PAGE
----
Paper No. 5
Presentation Time: 10:00 AM


LEWIS, Sarah L.1, SAFEEQ, Mohammad1, JEFFERSON, Anne J.2 and GRANT, Gordon E.3, (1)College of Earth Ocean and Atmospheric Sciences, Oregon State University, Corvallis, OR 97331, (2)Department of Geology, Kent State University, 221 McGilvrey Hall, Kent, OH 44240, (3)Forest Science Laboratory, United States Forest Service, PNW Research Station, 3200 Jefferson Way, Corvallis, OR 97331,

Watershed morphometry has long been identified as a major control on the shape and character of the hydrograph. Easily extractable landscape-level metrics have been explored for hydrologic prediction in ungaged watersheds, with varying success. In particular, mean drainage density (stream length/watershed area), which has a strong theoretical relationship to flow, has been both heralded and cast aside as an explanatory variable for hydrograph characteristics. However, previous approaches did not account for the spatial heterogeneity in drainage density within a single watershed. For example, many watersheds in the Oregon Cascades are comprised of both young lava flows with limited drainage networks, subtle peaks and sustained baseflows, and older highly dissected volcanics with steep slopes and flashy hydrographs. A mean drainage density fails to represent this dichotomy.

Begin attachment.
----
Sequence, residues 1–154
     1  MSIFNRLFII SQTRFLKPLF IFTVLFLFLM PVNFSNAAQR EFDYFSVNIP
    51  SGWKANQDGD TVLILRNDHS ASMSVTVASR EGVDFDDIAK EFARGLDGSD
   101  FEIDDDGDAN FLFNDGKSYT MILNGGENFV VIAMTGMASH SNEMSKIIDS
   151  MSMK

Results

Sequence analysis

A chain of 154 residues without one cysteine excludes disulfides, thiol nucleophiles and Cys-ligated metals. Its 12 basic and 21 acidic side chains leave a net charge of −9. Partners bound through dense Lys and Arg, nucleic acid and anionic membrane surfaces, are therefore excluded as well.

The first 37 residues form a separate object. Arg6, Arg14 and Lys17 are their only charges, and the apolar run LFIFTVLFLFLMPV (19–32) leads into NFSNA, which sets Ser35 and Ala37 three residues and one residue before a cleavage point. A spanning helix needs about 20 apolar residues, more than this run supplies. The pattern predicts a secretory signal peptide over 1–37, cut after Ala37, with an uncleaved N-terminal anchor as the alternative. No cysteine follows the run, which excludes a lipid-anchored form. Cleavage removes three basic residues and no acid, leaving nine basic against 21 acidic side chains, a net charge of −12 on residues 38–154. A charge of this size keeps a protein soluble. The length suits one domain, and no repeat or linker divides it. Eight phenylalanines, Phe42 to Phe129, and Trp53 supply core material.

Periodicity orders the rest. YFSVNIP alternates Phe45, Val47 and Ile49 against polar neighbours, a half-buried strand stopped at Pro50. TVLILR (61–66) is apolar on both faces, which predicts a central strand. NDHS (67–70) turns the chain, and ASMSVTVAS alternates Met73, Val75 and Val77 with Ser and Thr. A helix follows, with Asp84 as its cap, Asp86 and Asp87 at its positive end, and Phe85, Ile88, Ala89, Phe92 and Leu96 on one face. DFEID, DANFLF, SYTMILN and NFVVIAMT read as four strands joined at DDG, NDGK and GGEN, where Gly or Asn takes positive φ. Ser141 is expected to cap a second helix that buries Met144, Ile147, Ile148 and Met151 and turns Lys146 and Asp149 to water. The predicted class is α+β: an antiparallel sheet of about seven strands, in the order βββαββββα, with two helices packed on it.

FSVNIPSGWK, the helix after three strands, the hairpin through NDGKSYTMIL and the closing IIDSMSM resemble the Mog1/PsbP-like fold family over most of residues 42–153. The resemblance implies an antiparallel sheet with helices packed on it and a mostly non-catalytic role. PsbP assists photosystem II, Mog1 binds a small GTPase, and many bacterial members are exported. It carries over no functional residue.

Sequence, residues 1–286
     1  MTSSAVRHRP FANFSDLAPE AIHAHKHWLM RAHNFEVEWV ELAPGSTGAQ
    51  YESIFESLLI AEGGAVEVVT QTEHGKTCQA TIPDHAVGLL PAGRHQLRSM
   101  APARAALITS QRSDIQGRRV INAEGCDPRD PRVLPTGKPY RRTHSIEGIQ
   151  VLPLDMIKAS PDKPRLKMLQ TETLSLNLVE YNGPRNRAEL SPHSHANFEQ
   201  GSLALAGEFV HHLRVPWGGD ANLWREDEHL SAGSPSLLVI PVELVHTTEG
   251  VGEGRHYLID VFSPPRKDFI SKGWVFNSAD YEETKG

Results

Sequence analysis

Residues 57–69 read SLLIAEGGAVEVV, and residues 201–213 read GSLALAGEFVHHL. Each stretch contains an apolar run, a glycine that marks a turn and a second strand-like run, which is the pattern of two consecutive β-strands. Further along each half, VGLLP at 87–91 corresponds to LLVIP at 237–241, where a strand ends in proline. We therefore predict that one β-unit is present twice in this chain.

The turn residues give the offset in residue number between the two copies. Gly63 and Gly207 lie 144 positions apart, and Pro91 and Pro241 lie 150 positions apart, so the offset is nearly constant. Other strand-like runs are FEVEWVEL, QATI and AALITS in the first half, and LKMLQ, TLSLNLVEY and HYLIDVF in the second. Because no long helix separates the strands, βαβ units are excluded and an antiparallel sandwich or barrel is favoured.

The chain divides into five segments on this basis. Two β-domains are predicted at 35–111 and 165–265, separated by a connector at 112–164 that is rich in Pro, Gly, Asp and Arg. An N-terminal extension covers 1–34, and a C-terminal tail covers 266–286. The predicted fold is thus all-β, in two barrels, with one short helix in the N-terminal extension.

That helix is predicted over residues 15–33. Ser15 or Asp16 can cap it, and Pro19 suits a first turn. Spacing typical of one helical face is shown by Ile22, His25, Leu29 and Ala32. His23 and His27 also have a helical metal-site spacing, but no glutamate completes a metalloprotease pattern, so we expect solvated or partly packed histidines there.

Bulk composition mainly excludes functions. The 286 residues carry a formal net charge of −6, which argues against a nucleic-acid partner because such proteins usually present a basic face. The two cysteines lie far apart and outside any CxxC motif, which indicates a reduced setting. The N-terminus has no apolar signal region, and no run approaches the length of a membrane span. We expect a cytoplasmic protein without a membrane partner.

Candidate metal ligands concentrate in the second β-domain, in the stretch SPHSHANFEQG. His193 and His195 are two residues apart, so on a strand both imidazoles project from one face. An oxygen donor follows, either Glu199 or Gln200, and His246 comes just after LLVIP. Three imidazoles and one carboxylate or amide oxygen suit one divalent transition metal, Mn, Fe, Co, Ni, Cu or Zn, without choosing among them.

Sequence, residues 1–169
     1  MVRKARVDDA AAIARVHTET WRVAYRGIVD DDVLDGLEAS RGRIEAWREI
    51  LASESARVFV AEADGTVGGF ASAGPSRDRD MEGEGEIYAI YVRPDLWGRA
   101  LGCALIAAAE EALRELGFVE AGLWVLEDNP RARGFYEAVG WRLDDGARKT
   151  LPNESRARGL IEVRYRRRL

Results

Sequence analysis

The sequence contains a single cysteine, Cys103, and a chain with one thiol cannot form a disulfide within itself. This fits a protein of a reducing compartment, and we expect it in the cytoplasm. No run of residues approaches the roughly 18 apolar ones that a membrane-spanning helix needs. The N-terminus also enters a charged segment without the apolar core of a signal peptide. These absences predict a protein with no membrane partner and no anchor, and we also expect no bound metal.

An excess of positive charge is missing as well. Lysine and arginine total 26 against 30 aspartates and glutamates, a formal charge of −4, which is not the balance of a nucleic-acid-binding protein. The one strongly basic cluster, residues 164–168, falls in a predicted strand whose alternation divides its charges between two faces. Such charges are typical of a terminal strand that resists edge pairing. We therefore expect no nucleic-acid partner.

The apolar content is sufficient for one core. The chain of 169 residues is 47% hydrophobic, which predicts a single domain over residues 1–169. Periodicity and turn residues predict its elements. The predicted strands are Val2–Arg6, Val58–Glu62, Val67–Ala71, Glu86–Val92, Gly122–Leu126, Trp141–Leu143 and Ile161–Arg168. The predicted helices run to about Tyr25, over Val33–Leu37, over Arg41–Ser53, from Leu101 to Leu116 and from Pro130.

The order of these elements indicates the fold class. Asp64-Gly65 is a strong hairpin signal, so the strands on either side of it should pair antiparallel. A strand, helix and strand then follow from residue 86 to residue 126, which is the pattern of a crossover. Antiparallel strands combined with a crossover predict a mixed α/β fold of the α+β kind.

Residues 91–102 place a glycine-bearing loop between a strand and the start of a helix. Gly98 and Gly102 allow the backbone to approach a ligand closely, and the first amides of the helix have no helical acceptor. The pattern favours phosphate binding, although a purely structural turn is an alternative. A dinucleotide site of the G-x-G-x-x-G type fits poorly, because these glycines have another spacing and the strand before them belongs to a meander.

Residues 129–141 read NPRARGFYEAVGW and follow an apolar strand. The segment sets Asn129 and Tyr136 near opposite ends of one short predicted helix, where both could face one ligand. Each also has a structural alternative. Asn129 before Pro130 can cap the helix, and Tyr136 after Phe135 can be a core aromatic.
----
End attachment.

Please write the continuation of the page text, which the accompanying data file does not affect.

Here we revisit the long-standing conceptualization of drainage density as a good predictor of flow behavior at the landscape level. We depict drainage density (Dd) heterogeneity as a probability distribution function (pdf) of individual drainage densities within a watershed. Rather than limiting Dd to a single number (mean), we use standard quantitative descriptors of the pdf to explore landscape-level controls on flow regime. Two watersheds with similar mean values may have dramatically different pdfs and therefore exhibit variations in flow dynamics. We assert that some of the inconsistent results applying Dd as a predictive variable may be due to the accuracy with which a mean value can capture the behavior of a drainage network. In watersheds where drainage density is homogeneous, mean Dd may provide a good approximation of drainage behavior, but in watersheds where drainage density is heterogeneous, quantitative descriptors of the pdf can provide additional insight into flow dynamics.

  • Lewis_GSA_131029_poster_2465.pdf (4.3 MB)